There are many more designers who are fascinated with the potency of the high heel. Those who have observed Manolo Blahnik’s work closely generally acknowledge that many of his designs contain an element of fetishism. As André Leon Talley, the well-known American fashion journalist, put it: “When he does a black shoe with a chain, it’s certainly a bondage shoe, but it’s always a bondage shoe with elegance.”
Historically, few designers have dabbled so extensively in the imagery of erotica as Alexander McQueen, who used spikes and studs, glitter, lacing and hints of bondage, combined with vertiginously high heels, to create some of the most extraordinary shoes on the planet. Saint Laurent (remember the famous caged boot?) is another house that still embraces the stiletto’s seductive allure. And Christopher Kane is particularly fond of injecting a hint of kinkiness into almost anything he creates.
It’s interesting, though, to speak to Charlotte Dellal, the designer behind Charlotte Olympia, about how a female designer approaches footwear and fetish. “When I’m designing, I am probably thinking more about how a woman feels when wearing them, rather than as a voyeur,” she says. “I think I – and possibly other women designers – usually take a more playful approach than an outright erotic one. That said, I have often used bondage or fetish symbols in my designs.”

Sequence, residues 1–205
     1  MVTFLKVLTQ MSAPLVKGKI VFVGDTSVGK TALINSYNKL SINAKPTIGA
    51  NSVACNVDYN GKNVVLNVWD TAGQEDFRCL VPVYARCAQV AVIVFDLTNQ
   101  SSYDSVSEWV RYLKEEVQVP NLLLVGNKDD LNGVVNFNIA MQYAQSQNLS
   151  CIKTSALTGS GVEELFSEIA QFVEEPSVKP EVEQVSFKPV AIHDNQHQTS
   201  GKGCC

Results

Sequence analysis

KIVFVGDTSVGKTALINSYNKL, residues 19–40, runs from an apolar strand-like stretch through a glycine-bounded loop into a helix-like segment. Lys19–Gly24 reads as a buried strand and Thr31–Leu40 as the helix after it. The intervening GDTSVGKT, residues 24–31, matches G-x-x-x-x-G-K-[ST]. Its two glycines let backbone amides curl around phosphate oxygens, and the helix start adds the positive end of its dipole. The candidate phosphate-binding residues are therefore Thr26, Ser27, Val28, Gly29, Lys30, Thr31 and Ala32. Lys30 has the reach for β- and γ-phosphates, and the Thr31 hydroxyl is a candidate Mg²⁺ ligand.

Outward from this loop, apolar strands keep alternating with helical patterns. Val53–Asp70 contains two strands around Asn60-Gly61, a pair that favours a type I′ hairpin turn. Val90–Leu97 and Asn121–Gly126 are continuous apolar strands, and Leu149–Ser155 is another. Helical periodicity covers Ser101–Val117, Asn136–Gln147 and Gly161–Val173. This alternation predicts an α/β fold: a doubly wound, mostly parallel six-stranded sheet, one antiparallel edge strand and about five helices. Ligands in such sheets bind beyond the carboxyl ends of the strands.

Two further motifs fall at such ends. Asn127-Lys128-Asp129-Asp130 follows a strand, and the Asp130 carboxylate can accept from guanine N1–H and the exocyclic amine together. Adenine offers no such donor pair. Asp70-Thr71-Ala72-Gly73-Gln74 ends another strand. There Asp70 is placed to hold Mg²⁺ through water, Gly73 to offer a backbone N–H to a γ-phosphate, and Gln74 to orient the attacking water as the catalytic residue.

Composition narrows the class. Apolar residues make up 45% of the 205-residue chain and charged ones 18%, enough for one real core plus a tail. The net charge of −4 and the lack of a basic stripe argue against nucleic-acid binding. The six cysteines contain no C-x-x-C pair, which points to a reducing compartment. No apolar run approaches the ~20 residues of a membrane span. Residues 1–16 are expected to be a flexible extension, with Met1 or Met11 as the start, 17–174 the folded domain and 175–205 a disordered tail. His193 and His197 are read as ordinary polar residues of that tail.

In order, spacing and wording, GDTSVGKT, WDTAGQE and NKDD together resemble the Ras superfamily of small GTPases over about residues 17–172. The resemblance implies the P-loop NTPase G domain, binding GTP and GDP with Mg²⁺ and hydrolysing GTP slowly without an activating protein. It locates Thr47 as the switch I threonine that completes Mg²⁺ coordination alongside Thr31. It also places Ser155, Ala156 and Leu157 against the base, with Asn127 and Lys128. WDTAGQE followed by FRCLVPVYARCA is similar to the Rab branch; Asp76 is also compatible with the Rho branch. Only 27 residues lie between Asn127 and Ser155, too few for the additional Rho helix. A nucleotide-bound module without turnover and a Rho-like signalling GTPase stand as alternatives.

Edoardo Caovilla, the third generation to head up the family firm René Caovilla, thinks that “a combination of elegance and sexiness is the name of the game”. But no matter which designer you speak to, all acknowledge the same thing – it is the arch of the foot that lends the frisson of kinkiness to a design. And offers us a chance to strut a little stronger, to feel that bit more glamorous – and to dream.